As a belated Christmas gift, last weekend Heath mounted the TV for me.  For us, this is one of those pesky projects that (in the grand scheme of things) is pretty easy and affordable to accomplish but, for one reason or another, never made its way to the top of our to-do list.  Though I don’t know why, as the end result has made a HUGE difference to our GDH. Just to jog your memory, here’s what our TV setup used to look like.

Boring TV

And here is what it looks like today.

midcenturydesignwithflatscreenIt’s like people actually live here now! The project took about an hour and half  to complete from start to finish. That time span includes Heath putting the TV up, me deciding it was too high, and him redoing the whole project again. Plus the time it took to hide the cables and arrange the fixins’ on the dresser. So basically, I’m embarrassed we didn’t get to this DIY fix earlier.

We opted to run the cords in the wall rather than get one of those hide-a-cord mechanisms. A decision I am very happy with and was accomplished just as easily by drilling a whole in the wall where the TV is and near the outlet at the bottom of the wall. We ran the cords in an out of those holes and to their respective contraptions.

We opted to run the cords through the wall rather than get one of those hide-a-cord contraptions—a decision I am very happy with and was accomplished by drilling one hole in the wall where the TV is and one near the outlet at the bottom of the wall. We ran the cords in an out of those holes through the wall and to their respective devices on the dresser.

To say the living room has gone through many iterations would be an understatement.  We’ve (I’ve) changed furniture and wall colors in here so many times I can’t event begin to give you the actual number of layout switch ups (maybe 5).  Fortunately for Heath, now that the TV is on the wall, we are pretty well set with our current layout, and that’s just great with me. It’s quite possible I’m close to reaching my goal of having a living room that fits the modern eclectic description I was aiming for. Of course, once I achieve that, I’ll probably decide to switch things up again to fit a more Downton Abbey-ish lifestyle. I wonder how a flat screen fits into that arrangement…


One step closer to living like an adult

At first I thought it was incredibly clever and thrifty of Heath and I to use a homemade bench as a tv stand/entertainment console. But after a year of looking at the most uninspired entertainment setup ever, I decided I should probably invest in something a little more substantial. Since we live in a 50s-era house and I have an unhealthy obsession with midcentury design, I thought a modern looking credenza would be a good solution for hosting our media center.

I spent the last month scouring Craigslist for pieces under $200 I could use, but after getting stiffed twice (Craigslist sellers telling me the items were available but then selling them out from under me before I could close the deal), I decided to hit up some of Austin’s many vintage furniture shops. The prices are usually higher than Craiglist, but the condition of the items are usually better and it’s a bit more stable. I guess the gods of vintage furniture took pity on my soul because Room Service Vintage was having a huge 20 percent off sale and I found an ideal piece in tip top condition for $180, enabling me to maneuver a pretty sweet room flip.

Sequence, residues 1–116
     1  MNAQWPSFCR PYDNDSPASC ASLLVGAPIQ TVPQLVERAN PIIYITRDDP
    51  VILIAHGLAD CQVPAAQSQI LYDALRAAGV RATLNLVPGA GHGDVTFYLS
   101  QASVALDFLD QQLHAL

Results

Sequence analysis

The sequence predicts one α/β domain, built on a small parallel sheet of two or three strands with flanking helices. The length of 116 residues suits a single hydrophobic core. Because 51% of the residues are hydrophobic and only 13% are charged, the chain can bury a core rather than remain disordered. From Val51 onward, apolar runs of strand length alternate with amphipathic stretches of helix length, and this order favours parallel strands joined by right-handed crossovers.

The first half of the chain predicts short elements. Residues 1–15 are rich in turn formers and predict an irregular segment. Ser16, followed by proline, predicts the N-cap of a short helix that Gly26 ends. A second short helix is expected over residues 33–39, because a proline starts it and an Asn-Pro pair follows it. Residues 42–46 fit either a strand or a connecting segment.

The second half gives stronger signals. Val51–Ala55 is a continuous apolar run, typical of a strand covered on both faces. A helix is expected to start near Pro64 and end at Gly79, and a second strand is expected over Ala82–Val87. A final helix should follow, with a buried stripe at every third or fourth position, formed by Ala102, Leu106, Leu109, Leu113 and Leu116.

So far, I’m really liking the change. The credenza is perfect for storing our DVDs and I love not having exposed wires all over the place. I’m still playing with the photos behind the TV (I can’t decide if it’s too much or not), and hopefully at some point we can mount the TV on the wall like the folks at Our Mid Century did…then we’ll really be big time.

Still, for now I’m calling this one a victory. Point Doodle House. Now let’s watch some football.

TV Tricks

For better or for worse, in American culture a sign of status, wealth and “making it” is getting a large flat-screen TV. I remember fondly the day Heath and I maneuvered our way through screaming babies and angsty teens at  the local Walmart at 9 p.m. on a Saturday to pick up ours after I got myself a Big Girl Job. “Yeah,” we thought to ourselves. “We’re doing alright.”

The funny thing is, while every blue blooded American is expected to have a flat screen, most designers tell us not to display it.“A Television should never be the focal point of a room.”  and “Overtly displaying a large flat screen is tacky.”   What gives? First you tell me I have to have one, now you’re telling me it’s lame. Not cool, society.

I wouldn’t normally give too much thought to this conflict of interest, opting instead to take on Eric Cartman’s “Whatever, I do what I want” mentality, but the problem is that I really have no idea how to gussy up the vast wall of nothingness behind my television.

It’s the antithesis of good design. In fact, it’s no design at all. It’s just there. This big black box in front of a big white wall. Uninspiring.

I can’t mount it over a fireplace (we don’t have one) or buy some ridiculously expensive piece of art to put behind it, but I can create a photo wall to bring some semblance of character to this otherwise drab portion of the doodle kingdom.

I suppose this weekend I will be whipping out the hammer and nails. Expect the “after” photo in the near future…